“This attack can only be considered deliberate. It was probably carried out by the Syrian government-led coalition that is predominantly active in the region,” she told a news briefing.
Accounts from surviving hospital staff led MSF to believe that the government-led coalition had carried out the attack.
“We say a probability because we don’t have more facts than the accounts from our staff,” Liu said, noting that it took time to collect forensic evidence. “The only thing predominantly in the region is the Syrian government-led coalition.”
This was not just an attack on our hospital – it was an attack on the Geneva Conventions. This cannot be tolerated. These Conventions govern the rules of war and were established to protect civilians in conflicts – including patients, medical workers and facilities.They bring some humanity into what is otherwise an inhumane situation.
The Geneva Conventions are not just an abstract legal framework – they are the difference between life and death for medical teams on the frontline. They are what allow patients to access our health facilities safely and what allows us to provide healthcare without being targeted.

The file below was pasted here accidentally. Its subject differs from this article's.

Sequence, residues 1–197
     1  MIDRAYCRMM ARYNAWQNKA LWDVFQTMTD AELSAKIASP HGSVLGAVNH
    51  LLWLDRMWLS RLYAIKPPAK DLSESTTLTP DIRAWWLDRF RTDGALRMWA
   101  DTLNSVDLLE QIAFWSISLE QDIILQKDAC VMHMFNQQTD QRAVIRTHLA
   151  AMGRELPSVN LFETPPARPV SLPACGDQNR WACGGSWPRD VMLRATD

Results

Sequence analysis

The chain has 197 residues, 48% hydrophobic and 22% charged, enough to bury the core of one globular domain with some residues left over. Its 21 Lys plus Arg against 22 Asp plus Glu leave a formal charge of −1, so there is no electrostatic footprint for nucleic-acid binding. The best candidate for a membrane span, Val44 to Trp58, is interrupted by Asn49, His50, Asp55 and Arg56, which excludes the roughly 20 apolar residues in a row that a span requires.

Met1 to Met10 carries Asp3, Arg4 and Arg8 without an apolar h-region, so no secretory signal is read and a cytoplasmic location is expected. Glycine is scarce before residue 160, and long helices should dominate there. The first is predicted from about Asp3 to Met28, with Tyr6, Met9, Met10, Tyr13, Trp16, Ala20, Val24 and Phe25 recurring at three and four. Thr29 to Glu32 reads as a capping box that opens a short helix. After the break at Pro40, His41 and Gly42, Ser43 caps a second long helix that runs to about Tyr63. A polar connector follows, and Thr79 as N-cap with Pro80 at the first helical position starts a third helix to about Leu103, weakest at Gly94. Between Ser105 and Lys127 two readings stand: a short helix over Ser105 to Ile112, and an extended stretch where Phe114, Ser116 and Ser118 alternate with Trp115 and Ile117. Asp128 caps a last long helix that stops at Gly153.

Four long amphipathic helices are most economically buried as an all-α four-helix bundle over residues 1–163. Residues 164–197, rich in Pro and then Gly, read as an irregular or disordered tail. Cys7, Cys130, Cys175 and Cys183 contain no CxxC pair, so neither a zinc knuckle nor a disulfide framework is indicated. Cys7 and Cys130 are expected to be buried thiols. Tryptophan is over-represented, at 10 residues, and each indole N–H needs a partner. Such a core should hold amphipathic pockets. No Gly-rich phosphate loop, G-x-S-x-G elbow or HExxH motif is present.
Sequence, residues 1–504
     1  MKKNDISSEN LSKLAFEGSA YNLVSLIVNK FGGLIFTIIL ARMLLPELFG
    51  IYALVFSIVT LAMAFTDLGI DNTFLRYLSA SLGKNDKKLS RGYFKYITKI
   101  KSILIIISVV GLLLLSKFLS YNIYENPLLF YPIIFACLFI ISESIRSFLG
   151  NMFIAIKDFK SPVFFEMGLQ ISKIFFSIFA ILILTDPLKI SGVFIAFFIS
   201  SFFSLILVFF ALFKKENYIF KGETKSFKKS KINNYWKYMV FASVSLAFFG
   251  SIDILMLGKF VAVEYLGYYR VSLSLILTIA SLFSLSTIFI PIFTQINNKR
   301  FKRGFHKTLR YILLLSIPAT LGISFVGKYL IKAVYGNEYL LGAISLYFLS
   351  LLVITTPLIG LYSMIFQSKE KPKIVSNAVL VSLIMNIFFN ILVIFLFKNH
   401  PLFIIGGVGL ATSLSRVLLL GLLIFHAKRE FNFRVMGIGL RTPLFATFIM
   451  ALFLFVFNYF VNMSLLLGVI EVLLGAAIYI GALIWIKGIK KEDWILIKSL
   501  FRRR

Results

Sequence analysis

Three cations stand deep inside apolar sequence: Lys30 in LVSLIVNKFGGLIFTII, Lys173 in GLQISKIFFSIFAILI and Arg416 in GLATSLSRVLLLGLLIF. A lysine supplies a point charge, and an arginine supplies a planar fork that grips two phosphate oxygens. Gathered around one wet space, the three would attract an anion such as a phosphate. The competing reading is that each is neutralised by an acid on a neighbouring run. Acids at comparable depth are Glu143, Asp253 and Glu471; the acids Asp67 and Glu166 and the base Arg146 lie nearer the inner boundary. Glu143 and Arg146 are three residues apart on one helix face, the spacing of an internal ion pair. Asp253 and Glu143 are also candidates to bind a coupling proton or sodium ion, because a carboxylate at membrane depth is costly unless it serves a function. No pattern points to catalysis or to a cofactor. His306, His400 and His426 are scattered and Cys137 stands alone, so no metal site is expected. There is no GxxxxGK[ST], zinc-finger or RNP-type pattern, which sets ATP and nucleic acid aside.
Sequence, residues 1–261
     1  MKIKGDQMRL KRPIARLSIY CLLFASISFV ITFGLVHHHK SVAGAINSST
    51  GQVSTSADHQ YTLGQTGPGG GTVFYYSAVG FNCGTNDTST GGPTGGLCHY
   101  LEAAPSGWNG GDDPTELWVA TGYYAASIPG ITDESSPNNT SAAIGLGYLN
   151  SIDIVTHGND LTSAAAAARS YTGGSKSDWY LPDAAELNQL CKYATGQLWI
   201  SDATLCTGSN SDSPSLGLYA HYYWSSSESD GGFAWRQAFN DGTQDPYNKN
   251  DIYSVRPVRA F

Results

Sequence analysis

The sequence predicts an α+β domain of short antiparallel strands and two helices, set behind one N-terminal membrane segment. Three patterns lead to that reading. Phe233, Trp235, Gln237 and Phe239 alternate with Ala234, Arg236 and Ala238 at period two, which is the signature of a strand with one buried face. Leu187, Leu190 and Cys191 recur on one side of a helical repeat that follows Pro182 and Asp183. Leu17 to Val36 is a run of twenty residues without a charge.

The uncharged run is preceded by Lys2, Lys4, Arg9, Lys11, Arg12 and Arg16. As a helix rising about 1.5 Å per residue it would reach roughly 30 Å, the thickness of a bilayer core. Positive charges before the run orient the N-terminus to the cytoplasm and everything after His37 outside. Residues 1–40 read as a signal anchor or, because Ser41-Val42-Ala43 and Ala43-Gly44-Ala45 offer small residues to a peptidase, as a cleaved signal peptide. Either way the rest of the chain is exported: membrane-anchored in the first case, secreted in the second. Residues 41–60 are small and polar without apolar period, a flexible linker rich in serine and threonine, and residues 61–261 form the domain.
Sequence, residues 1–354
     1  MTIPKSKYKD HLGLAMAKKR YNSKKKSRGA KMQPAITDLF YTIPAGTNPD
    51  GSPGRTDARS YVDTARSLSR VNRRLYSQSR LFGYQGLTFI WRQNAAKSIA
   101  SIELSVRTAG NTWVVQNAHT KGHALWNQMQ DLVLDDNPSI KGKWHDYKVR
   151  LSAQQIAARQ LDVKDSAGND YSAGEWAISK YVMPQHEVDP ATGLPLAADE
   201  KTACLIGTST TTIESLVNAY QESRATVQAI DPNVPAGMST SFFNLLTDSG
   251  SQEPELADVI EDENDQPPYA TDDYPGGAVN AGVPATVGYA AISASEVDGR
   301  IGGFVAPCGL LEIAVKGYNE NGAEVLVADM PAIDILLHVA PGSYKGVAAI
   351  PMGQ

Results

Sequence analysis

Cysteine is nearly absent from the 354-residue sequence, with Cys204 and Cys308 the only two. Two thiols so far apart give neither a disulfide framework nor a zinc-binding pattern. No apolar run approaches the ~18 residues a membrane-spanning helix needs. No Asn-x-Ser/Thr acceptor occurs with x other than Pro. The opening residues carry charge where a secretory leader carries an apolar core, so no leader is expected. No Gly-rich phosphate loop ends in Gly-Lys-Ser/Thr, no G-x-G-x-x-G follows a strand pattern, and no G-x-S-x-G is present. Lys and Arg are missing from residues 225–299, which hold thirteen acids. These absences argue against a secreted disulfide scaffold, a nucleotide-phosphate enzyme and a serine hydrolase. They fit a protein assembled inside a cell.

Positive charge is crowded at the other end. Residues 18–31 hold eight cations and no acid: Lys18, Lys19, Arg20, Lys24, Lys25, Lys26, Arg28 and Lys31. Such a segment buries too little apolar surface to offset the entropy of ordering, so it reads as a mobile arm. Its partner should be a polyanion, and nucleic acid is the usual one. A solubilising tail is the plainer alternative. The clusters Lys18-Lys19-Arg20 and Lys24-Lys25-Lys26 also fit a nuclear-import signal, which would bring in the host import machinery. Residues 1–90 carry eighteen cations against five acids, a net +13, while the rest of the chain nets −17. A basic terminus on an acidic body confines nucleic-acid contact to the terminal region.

It is precisely because attacking hospitals in war zones is prohibited that we expected to be protected. And yet, ten patients including 3 children, and 12 MSF staff were killed in the aerial raids.
All parties to the conflict, including in Kabul and Washington, were clearly informed of the precise location (GPS Coordinates) of the MSF facilities – hospital, guest-house, office and an outreach stabilization unit in Chardara (to the north-west of Kunduz). As MSF does in all conflict contexts, these precise locations were communicated to all parties on multiple occasions over the past months, including most recently on 29 September.
Civilian hospitals shall be marked by means of the emblem provided for in Article 38 [red cross or red crescent] of the Geneva Convention for the Amelioration of the Condition of the Wounded and Sick in Armed Forces in the Field of August 12, 1949, but only if so authorized by the State.
The Parties to the conflict shall, in so far as military considerations permit, take the necessary steps to make the distinctive emblems indicating civilian hospitals clearly visible to the enemy land, air and naval forces in order to obviate the possibility of any hostile action.
In view of the dangers to which hospitals may be exposed by being close to military objectives, it is recommended that such hospitals be situated as far as possible from such objectives.
In Reuters article, “MSF seeks independent probe into bombing of Syria hospital,” it would also admit (emphasis added):
MSF said it had not provided the hospital’s GPS coordinates to Syrian or Russian authorities, at the request of local staff.
“This attack can only be considered deliberate. It was probably carried out by the Syrian government-led coalition that is predominantly active in the region,” she [Dr. Joanne Liu] told a news briefing.